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Correspondence
August 2005

VIGNETTES

Arch Dermatol. 2005;141(8):1046-1047. doi:10.1001/archderm.141.8.1046

We report the first case to our knowledge of thin vulvar melanoma in which dermoscopic features were investigated together with their pathological correlates.

A 68-year-old white woman was referred to our clinic for an evaluation of a pigmented lesion of the vulva detected during routine gynecological examination. The patient was unaware of the lesion and reported no symptoms.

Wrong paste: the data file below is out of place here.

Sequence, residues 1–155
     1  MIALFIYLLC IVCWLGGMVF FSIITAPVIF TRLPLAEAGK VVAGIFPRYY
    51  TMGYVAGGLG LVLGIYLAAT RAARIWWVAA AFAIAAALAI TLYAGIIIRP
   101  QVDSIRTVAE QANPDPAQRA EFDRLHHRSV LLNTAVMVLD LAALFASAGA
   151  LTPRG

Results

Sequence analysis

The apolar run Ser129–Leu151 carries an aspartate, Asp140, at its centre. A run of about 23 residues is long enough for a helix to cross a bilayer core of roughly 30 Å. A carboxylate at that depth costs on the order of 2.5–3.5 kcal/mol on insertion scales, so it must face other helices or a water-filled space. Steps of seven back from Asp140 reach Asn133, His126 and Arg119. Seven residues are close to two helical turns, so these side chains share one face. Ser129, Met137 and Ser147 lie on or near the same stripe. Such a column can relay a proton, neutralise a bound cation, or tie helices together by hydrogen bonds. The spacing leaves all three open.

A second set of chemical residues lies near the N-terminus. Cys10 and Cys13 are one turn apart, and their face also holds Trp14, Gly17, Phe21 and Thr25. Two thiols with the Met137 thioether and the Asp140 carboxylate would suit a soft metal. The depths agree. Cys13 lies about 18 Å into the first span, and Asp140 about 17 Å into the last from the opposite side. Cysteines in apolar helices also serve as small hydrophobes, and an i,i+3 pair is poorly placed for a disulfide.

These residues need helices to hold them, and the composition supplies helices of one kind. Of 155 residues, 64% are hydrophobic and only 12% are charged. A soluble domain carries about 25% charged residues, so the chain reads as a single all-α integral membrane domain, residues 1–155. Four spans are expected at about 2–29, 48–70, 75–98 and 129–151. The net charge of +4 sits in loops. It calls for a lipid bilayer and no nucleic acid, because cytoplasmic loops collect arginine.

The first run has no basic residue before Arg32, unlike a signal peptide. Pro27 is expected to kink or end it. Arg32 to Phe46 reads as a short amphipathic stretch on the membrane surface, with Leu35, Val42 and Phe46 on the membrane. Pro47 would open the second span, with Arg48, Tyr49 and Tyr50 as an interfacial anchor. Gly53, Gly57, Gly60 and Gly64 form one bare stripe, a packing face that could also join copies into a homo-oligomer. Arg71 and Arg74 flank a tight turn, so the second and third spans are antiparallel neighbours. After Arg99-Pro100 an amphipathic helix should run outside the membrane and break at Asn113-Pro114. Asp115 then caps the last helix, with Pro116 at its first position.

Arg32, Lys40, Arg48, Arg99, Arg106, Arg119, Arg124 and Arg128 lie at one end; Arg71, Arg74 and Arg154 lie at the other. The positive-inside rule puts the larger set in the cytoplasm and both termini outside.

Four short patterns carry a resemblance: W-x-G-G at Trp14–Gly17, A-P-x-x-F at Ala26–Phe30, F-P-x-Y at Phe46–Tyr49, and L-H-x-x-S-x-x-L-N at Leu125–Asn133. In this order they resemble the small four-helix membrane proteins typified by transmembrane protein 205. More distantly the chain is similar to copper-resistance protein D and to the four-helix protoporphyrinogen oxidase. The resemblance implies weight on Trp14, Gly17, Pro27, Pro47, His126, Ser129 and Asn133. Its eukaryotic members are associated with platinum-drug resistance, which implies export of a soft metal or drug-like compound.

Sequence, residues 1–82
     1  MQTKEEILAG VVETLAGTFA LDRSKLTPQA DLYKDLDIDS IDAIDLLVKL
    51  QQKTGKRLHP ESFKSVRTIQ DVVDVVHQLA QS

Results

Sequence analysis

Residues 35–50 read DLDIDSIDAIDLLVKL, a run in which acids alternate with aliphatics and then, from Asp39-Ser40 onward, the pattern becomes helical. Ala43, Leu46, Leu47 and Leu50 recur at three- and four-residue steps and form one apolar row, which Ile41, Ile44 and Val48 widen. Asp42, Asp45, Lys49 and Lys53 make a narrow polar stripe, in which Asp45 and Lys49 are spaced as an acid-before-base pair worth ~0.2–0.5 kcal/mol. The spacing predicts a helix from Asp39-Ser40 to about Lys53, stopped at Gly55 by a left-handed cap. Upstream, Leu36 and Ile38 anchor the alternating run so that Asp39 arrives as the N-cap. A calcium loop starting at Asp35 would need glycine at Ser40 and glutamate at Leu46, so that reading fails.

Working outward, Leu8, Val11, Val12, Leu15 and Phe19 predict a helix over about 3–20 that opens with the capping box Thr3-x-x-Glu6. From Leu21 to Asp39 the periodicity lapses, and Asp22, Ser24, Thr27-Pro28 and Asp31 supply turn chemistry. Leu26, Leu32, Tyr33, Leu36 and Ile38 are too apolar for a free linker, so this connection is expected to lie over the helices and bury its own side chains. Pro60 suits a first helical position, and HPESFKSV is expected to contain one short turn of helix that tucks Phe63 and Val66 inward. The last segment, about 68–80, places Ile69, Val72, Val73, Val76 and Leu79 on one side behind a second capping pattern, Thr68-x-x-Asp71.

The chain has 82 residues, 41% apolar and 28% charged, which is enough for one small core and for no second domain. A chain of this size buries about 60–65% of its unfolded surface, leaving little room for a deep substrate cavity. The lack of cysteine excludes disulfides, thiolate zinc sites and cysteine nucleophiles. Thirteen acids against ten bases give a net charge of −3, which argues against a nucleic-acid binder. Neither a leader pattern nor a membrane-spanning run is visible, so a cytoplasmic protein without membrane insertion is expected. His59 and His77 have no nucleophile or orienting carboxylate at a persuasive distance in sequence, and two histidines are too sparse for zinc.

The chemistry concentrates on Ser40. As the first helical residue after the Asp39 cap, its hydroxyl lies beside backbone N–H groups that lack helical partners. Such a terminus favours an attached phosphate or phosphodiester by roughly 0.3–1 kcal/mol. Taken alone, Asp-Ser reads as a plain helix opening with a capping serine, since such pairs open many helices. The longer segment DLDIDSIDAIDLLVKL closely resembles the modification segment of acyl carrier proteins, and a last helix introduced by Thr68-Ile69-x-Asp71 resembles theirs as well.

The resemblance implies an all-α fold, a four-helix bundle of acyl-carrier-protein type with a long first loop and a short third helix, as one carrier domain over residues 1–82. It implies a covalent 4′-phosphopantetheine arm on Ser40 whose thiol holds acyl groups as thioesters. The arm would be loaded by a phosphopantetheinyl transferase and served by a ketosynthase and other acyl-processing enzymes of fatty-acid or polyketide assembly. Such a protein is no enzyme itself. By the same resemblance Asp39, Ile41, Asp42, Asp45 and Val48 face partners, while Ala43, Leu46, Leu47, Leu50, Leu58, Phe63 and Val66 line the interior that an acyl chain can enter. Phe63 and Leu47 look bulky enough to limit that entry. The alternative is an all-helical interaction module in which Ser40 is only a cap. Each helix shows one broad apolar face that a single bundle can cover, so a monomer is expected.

A hyperpigmented lesion, approximately 10 mm in diameter, was found on the patient’s left superior labium majus and minus, near the clitoris. The lesion was asymmetric, with irregular and ill-defined borders. Pigmentation was irregular: dark brown in the center and light brown at the periphery. It was barely palpable, and a slight thickening of the epidermis was found in the central part (Figure 1). Epiluminescence microscopy revealed a nonhomogeneous lesion, with a central blue-gray area and a whitish veil forming a sort of network over most of it (Figure 2).

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